No grounds to pursue peer over council expenses


LORD Hanningfield was not pursued over his Essex County Council expenses because there were ’no clear grounds’ to ask for the money back.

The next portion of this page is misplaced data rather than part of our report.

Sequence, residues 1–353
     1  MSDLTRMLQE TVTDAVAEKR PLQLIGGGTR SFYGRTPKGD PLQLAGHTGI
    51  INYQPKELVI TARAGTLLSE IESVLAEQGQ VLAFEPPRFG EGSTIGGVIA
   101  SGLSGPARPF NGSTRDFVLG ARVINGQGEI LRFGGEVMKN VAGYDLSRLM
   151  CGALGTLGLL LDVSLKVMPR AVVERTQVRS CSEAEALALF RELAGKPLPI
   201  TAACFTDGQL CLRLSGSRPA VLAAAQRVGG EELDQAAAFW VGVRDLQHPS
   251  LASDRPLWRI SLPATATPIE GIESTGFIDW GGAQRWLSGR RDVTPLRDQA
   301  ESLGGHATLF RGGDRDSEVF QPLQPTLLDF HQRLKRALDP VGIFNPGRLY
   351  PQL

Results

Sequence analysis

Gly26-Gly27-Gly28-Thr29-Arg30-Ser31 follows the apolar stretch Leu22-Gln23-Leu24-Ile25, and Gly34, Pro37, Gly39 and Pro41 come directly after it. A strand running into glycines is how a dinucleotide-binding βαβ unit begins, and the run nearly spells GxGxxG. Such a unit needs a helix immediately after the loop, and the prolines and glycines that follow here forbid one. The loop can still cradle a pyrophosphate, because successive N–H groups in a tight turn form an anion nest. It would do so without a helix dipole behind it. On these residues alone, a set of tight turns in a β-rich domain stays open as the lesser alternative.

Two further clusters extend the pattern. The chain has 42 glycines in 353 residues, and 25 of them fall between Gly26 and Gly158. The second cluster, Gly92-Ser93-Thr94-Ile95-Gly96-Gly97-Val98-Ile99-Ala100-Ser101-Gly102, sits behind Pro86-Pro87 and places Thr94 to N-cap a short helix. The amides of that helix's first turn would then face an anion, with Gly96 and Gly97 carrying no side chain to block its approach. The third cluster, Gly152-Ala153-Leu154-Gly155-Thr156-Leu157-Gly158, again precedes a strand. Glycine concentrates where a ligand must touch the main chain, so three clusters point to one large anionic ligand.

County Hall made the admission this month under Freedom of Information laws, in response to questions from a resident. A document published on the council’s website said officers spent almost £30,000 on lawyers trying to recoup £50,689.24 expenses, even though the council believed the peer had ’no intention to commit a fraud’ and ’neither was there clear grounds for a civil action to recover a debt’. The chances of winning court cases were therefore considered to be ’very low’. The council admitted there was no legal basis to demand the money back, after a resident asked in writing why Hanningfield had not been taken to court. It had previously suggested it would sue the former council leader to recoup his expenses, spending £28,043.50 on legal advice. Current leader David Finch (Con) then publicly called on the peer to repay the money of his own volition. The new document conceded that the peer had not broken any of the council’s rules. It said: "The decision not to undertake legal proceedings against Lord Hanningfield was made by the leader of the council, having received advice from both our internal and external auditors as well as legal advice from our own lawyers and counsel. "The advice from counsel was that there was no intention to commit a fraud and neither was there clear grounds for a civil action to recover a debt. "Furthermore, should Essex Council have considered taking such action, the chances of success were considered to be very low and the legal costs could be between £100,000 and £120,000." City of London Police carried out a year-long investigation into Hanningfield’s council expenses, and in November 2012 found no wrongdoing. However, documents published by Essex Council in June showed the council had still ’instructed leading counsel to advise on potential legal action’ in March 2013. Council officers decided that £50,689 was ’potentially recoverable’ and sent Hanningfield an invoice for the amount in June 2013, along with a letter asking him to pay within 28 days. The peer maintained he had done nothing wrong and refused to pay. Documents showed council chairman Kay Twitchen (Con) was then sent to meet the peer ’informally’ and try to convince him to settle, but he still insisted the expenses had been legitimate.